The Gold Mashie returns to Roseville

It will be a big moment in the history of Roseville Golf Club.

The popular but relatively short private northern suburbs course which once hosted an Australian PGA Championship is preparing to welcome back an old friend – the coveted Gold Mashie tournament.

Cameron Davis Ace Roseville amateur Cameron Davis may give the senior professionals a few headaches

The club is hoping to lure professionals of the ilk of Rodger Davis, Mike Clayton, Mike Harwood and their own evergreen teaching pro Peter Headland – all frequent players on the PGA Legends Tour – for the return of the Roseville Ladies Pro Am and Men’s Gold Mashie.

A field of about 54 ‘senior’ professionals is expected to front up for the December 2 (Friday) women’s pro-am followed by the coveted Men’s Gold Mashie on Saturday, December 3.

The Gold Mashie is open to all male five and seven-day members while the Roseville Ladies Pro Am is open to all women five and seven-day members as well as visitors from other clubs.

There is a maximum handicap requirement of 36.

The Gold Mashie has actually been in something of a “hiatus” for the past few years.

But it is regarded as one of the historic events of the Sydney pro-am scene.

Sidney Riley, a photographer of some renown at the time, donated the cup to the Club way back in 1928.

It was to be known as “The Roseville Gold Mashie” and was to be competed for annually.

The entry by the handicap and tournament committee on the records that year indicated:

“Mr Sidney Riley has donated a trophy for an annual open competition to be held on Eight-hour Day.

“This event to be known as the Roseville Gold Mashie will be a 36-holes Bogey Handicap open to members of recognised golf clubs with a handicap of 10 and under. “The handicap limit for our own members is to be 18.

“Trophies will be given for the best morning and afternoon rounds.

“An open event other than mixed foursomes has not hitherto been included in our program, but your committee is of the opinion that this event will attract a very large entry, and will become one of the most important fixtures in the golfing calendar.”

The first cup was competed for during August 1928 (the date is mentioned in some notes as August 9, but that was the committee meeting date so that is unlikely).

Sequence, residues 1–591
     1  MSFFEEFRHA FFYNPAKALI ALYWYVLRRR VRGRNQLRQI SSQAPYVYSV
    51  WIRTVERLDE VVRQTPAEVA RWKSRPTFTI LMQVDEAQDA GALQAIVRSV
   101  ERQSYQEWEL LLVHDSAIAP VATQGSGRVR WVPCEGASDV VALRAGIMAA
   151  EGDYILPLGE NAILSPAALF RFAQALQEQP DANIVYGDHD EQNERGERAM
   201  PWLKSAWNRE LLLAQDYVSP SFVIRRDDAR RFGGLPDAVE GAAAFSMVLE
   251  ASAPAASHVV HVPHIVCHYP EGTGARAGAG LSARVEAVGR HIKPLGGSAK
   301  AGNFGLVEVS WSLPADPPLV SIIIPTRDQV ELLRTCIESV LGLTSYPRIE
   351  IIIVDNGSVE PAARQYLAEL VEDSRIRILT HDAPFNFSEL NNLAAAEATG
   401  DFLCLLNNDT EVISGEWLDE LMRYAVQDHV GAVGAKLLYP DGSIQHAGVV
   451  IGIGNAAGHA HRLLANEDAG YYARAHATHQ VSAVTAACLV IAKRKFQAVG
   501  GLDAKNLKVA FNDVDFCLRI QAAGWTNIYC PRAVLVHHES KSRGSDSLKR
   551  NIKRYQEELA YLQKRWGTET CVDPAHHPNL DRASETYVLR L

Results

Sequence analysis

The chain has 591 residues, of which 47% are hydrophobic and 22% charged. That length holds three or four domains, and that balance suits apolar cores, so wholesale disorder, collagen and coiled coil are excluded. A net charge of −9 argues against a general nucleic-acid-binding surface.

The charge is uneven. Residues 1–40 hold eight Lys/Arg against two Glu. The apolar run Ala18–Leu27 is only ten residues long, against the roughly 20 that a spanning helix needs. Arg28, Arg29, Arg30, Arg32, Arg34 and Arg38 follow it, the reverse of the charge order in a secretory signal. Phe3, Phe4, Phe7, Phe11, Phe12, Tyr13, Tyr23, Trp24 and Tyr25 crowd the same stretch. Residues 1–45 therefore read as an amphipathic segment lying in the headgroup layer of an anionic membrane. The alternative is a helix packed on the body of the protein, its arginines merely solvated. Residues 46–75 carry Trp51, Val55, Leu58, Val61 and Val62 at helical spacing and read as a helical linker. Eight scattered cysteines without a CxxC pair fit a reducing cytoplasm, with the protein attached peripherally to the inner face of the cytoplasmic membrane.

Minutes of the Handicap and Tournament Committee record on October 11, 1928 state:

“Gold Mashie Cup: This event attracted a number of players from other Clubs and some excellent cards were returned.

“The winner was Mr F D Kearney who returned a score of two-up over the 36 holes. “The trophy for the morning event was won by Mr Milton Callaghan, the afternoon event by Mr L Hepburn.

“These three players have shown up prominently in recent competitions.

“While the course was not at its best and the competition clashed with other important sporting event, the interest and keenness displayed justified the holding of an open competition.

“The thanks of the committee are accorded to Mr Riley for providing such a handsome trophy.”

In 1931 it was held on September 10 and the purse was fixed at 15 pounds with the club contributing five pounds.

In 1939 the entries reached a record figure of 171, including 22 professionals when a new course record of 61 was set by Bill Bolger of 61.

The Gold Mashie is believed to be the oldest pro-am in Australia and has been played every year with the exception during the war 1942-1945, and more recently with the course renovations.

New club captain Jim Screen as well as president Dennis Pople were excited at the return of this coveted trophy to the club’s diary.

“The members are thrilled to have it back on. It is an event we all look forward to and they’re already queuing up to play with the senior pros,” Screen said.

“Our young champion Cameron Davis will give all the pros a run for their money too.

“He’s been in scintillating form in recent months.”